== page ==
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Cindy Fair, Kristen Sullivan present research at APHA annual conference

Professor Cynthia Fair and Assistant Professor Kristen Sullivan presented research this month at the annual conference of the American Public Health Association.

The presentation, "Transition Expectations of Adolescents Living with HIV and their Guardians," was co-authored by Rachel Dizney, LCSW Duke University Pediatric Infectious Disease Social Worker, and Avra Stackpole '10, who is currently working in the Executive Office of the President. The research is culmination of a two-year project designed to examine how adolescents with perinatal HIV and their guardians view the transition from pediatric to adult care.

From the abstract:

Background: The increased life expectancy of perinatally infected adolescents necessitates the transition from pediatric to adult infectious disease care. Significant differences exist between pediatric and adult HIV clinic models, and adequate preparation is critical for successful transition. The expectations of youth on the cusp of this transition and their guardians have not previously been explored.

Methods: Semi-structured interviews were conducted with 40 perintally-infected adolescents (mean age 17.3 years, 90 percent African American) currently receiving care in a pediatric infectious disease clinic in the southeast U.S. and 17 guardians about their expectations related to the pending transition to adult care. Interviews were transcribed and coded for emergent themes.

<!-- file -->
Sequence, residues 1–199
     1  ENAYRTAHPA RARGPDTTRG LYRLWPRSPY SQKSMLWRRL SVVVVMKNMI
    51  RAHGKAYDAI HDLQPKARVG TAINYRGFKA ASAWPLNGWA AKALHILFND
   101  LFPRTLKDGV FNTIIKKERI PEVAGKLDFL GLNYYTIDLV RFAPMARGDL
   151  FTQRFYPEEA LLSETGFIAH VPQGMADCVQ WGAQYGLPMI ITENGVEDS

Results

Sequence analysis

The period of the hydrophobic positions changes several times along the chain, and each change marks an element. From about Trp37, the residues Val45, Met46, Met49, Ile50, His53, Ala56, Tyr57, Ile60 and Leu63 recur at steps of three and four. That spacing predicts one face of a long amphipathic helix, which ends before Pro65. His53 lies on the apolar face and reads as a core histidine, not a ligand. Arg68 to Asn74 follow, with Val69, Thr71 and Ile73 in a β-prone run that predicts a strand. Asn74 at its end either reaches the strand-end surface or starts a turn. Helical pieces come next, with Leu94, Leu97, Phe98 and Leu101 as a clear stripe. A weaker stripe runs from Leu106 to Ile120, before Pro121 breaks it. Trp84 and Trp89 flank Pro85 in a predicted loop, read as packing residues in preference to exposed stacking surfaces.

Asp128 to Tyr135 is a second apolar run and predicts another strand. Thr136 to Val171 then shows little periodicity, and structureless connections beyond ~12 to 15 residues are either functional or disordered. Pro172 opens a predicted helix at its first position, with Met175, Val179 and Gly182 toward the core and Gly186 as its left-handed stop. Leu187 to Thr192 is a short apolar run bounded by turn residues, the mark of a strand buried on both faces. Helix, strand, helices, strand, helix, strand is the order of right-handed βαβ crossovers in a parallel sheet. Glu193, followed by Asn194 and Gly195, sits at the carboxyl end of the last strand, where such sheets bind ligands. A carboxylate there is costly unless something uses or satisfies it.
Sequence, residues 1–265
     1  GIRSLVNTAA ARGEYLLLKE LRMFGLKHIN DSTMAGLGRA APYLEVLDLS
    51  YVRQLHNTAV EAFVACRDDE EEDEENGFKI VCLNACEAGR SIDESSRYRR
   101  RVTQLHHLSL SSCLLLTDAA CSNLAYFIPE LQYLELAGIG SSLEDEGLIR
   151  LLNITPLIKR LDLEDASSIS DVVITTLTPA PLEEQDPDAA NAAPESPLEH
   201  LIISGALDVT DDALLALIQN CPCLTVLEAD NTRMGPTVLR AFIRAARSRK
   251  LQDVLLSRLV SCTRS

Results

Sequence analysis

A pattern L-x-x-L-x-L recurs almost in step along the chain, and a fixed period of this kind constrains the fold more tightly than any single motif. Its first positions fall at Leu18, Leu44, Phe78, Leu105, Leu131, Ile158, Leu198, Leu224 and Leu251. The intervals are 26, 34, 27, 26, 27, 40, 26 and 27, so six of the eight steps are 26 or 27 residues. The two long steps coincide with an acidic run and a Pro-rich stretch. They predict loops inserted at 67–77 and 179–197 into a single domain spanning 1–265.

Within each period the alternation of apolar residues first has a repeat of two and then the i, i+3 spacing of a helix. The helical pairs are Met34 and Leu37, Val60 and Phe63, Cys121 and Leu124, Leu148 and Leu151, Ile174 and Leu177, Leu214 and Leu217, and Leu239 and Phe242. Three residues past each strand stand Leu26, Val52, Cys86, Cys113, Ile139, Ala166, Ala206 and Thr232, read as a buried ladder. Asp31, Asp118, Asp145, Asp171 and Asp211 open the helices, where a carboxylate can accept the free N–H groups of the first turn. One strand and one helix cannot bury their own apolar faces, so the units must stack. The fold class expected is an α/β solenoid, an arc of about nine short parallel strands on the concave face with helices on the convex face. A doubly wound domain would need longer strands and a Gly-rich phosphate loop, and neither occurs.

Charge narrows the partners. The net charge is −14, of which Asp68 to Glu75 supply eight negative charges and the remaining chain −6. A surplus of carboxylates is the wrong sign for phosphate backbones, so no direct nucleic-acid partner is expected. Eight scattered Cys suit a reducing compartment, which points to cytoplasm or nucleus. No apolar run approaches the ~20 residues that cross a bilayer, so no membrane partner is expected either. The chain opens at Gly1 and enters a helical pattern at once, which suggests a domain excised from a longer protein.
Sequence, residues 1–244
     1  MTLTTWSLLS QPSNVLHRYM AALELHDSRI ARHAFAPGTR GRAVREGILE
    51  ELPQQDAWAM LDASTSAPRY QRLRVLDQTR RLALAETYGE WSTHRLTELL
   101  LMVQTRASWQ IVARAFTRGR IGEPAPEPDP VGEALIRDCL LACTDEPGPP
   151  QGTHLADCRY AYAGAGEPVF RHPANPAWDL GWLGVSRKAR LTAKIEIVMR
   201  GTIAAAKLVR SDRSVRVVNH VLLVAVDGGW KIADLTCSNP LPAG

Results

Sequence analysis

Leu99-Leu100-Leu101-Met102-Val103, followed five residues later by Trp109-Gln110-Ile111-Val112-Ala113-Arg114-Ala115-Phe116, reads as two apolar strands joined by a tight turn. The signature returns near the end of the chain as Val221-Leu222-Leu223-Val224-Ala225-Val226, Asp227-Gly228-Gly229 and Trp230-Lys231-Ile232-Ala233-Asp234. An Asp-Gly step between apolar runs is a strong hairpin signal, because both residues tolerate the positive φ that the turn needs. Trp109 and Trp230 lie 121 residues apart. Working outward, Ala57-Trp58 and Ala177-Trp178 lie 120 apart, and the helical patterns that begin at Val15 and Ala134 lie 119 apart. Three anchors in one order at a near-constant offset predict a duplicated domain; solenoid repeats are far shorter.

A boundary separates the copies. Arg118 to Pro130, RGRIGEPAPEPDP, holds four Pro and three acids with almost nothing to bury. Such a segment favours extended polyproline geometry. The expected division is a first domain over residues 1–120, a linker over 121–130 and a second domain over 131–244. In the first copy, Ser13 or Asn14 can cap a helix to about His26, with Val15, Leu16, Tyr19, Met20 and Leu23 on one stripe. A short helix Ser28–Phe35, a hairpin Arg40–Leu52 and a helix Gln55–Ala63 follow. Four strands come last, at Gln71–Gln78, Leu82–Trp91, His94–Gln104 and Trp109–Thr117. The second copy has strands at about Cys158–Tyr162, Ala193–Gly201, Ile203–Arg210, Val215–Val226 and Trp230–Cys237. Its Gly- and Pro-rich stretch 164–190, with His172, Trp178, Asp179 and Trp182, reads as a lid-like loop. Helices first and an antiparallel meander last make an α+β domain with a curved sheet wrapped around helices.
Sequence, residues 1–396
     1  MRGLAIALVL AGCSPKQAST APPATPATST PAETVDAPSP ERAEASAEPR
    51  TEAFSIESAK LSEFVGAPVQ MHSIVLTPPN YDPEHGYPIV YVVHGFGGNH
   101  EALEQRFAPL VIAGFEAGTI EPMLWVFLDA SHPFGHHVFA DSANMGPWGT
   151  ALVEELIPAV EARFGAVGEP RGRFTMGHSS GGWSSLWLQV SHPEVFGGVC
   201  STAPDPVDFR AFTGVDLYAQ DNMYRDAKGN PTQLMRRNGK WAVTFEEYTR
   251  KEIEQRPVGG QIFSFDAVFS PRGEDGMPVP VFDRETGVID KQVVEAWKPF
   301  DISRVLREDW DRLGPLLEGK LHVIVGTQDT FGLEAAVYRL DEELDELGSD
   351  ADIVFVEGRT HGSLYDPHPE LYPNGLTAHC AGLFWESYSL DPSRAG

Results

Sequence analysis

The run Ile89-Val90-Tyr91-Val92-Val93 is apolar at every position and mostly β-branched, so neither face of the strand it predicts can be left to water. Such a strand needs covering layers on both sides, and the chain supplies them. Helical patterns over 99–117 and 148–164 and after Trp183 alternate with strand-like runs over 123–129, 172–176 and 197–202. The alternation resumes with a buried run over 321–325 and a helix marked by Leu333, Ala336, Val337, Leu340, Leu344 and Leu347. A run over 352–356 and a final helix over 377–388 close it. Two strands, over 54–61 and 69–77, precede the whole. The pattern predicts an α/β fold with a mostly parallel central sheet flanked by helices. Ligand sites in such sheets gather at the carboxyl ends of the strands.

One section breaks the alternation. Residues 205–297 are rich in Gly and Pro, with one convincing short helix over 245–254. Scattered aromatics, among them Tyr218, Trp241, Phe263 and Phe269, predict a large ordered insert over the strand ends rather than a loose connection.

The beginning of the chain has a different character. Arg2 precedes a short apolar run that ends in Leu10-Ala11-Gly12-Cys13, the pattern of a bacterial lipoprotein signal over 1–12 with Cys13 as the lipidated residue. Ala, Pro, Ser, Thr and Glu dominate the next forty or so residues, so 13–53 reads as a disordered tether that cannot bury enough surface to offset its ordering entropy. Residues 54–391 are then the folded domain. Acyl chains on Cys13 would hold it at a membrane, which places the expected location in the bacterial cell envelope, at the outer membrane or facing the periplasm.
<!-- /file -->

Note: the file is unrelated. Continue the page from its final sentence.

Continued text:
Results: Many adolescents had difficulty articulating expectations of their transition to an adult clinic, reporting they did not know what to expect. Others looked forward to increased responsibility and control, while some expressed concerns over leaving their current providers and having to establish new relationships. Most guardians viewed the transition to adult care as a tool to facilitate maturity. Several indicated they had not discussed transition with their child and were waiting for their child to initiate a conversation about it.

Conclusions: Given the importance providers place on preparing youth for transition, it is surprising that many adolescents had no expectations about this impending change. This indicates a need for improved communication between providers and adolescents to enhance preparation and ultimately transition success. Additionally, guardians play an important role in the transition process and may need support to discuss this process with their child.

Eric Townsend,
Staff
5/1/2012 12:31 PM